Kingley Vale Nature Reserve is one of Chichester's most cherished attractions. Spanning some 160 hectares, it is one of the finest examples of chalk grassland and ancient yew forest in Western Europe; with several of the twisted yews dating at more than 500 years old, its one of the oldest living organisms in Great Britain.
The reserve is a haven for wildlife and is home to eleven different species of orchid, several varieties of butterflies including chalkhill blue and brimstone, green woodpeckers, red kites, buzzards, stoats and if you're lucky you might spot one of the reserves herds of Roe or Fallow deer.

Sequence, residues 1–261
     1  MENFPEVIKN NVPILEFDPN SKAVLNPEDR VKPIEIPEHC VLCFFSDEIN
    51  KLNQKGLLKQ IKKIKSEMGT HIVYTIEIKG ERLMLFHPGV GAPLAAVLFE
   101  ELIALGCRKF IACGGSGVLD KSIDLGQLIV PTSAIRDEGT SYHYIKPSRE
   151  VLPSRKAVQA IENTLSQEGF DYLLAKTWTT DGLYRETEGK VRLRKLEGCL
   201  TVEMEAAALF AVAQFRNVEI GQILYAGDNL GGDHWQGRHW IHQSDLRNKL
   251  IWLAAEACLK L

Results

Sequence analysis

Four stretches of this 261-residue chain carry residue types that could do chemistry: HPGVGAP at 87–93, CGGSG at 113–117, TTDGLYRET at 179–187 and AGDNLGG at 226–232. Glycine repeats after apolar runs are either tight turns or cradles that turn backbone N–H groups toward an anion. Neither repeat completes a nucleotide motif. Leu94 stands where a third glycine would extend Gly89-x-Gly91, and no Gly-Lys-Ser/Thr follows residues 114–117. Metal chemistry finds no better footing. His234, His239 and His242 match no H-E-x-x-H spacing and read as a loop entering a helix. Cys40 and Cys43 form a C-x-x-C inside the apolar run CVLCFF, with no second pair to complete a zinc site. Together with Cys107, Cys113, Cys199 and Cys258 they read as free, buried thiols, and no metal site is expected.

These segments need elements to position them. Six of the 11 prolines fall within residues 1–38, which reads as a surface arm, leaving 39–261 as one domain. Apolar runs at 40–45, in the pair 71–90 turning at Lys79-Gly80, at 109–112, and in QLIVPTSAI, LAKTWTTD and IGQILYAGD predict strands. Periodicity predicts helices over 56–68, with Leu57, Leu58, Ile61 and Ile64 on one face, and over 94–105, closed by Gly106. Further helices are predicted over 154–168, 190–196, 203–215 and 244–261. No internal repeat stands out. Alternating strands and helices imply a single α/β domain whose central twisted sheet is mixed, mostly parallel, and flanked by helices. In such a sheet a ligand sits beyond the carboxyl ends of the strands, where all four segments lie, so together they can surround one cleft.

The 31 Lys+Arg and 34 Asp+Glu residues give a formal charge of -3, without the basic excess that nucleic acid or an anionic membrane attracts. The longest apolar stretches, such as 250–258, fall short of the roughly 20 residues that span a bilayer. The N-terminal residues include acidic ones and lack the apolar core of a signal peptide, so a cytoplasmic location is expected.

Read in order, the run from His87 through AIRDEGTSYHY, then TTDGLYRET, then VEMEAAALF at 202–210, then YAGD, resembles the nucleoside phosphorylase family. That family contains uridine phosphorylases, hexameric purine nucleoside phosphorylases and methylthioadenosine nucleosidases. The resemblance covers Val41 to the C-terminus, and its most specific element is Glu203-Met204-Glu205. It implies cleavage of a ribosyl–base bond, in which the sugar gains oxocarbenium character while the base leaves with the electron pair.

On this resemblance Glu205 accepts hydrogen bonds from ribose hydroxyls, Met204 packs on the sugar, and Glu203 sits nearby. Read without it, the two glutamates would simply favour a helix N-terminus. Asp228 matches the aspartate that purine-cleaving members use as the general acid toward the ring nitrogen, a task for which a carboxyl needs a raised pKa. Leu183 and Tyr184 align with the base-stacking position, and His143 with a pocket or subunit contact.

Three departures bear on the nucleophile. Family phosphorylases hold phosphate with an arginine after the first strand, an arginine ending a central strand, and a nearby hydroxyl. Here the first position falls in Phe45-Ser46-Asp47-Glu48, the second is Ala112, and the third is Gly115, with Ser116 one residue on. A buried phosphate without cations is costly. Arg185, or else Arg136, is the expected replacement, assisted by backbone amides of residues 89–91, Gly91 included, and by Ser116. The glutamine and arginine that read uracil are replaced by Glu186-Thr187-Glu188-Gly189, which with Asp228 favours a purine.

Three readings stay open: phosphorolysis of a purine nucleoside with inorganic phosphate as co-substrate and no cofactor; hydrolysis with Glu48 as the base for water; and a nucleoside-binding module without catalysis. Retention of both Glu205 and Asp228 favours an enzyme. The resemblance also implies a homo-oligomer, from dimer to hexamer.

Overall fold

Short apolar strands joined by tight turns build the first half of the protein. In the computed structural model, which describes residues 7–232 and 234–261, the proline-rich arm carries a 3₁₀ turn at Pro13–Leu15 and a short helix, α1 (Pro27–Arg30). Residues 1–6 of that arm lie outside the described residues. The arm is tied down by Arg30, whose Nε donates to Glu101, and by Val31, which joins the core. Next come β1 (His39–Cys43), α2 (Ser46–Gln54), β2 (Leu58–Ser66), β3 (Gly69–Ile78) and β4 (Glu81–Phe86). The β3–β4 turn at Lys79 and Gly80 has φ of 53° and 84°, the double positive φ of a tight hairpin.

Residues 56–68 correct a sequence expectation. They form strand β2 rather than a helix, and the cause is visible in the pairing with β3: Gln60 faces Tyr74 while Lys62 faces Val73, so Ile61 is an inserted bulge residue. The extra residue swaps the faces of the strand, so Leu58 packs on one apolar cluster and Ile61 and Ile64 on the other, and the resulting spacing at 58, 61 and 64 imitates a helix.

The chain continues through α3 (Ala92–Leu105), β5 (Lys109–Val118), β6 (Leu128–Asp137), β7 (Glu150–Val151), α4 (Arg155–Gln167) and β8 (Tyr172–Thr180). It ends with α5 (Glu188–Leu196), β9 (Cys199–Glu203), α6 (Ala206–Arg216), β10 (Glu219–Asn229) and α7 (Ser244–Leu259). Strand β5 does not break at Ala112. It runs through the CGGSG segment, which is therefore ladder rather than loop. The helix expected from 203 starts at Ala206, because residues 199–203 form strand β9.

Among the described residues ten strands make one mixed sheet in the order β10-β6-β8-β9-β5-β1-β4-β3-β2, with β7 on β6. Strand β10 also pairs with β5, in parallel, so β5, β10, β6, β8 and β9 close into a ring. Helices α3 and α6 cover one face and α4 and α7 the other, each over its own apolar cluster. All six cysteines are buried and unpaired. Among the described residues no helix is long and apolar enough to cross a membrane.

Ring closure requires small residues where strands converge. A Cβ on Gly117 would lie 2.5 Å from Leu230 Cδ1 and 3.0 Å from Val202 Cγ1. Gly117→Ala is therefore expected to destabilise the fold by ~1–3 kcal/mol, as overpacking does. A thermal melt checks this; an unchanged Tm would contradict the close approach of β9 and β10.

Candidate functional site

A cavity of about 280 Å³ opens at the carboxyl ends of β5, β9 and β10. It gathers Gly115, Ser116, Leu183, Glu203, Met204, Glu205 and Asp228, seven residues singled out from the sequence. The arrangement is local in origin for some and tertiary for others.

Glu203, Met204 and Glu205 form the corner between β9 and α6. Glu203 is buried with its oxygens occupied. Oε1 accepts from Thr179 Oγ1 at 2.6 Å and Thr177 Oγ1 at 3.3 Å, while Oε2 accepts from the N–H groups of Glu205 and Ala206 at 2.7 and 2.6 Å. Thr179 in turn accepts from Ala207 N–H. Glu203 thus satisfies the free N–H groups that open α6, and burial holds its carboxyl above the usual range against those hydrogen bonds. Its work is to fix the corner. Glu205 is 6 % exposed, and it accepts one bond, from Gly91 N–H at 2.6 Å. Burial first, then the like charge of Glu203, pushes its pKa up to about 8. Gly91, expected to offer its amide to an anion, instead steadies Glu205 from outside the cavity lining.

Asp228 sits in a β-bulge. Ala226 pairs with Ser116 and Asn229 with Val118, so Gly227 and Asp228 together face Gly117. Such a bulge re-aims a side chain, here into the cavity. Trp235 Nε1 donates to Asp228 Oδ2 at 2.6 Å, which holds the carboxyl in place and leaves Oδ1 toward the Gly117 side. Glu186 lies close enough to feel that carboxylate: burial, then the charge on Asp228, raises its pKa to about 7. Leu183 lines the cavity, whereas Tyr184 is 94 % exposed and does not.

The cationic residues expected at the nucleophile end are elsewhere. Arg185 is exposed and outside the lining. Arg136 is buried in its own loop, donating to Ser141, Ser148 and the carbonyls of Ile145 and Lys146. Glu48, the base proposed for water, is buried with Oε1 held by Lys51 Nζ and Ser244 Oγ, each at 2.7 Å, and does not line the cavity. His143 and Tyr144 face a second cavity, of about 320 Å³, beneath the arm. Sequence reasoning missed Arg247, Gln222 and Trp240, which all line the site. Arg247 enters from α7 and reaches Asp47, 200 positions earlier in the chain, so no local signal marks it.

Climb to the top of Kingley Vale hill and you'll be rewarded with breathtaking panoramic views over Chichester, Chichester Harbour and across to the Solent, Isle of Wight and South Downs National Park.
Kingley Vale is one of the most important archaeological sites in southern England and has 14 scheduled ancient monuments and from the top of the hill you'll also find a Bronze Age burial mound.
Kingley Vale is open for the public to enjoy
There is no charge to visit Kingley Vale
The terrain is steep and difficult in some places. There are stiles and kissing gates at some points
By Car: Leave the A286 at Mid Lavant and continue west,to the NNR car park near the village of West Stoke.
Kingley Vale is quite a distance from any bus or train routes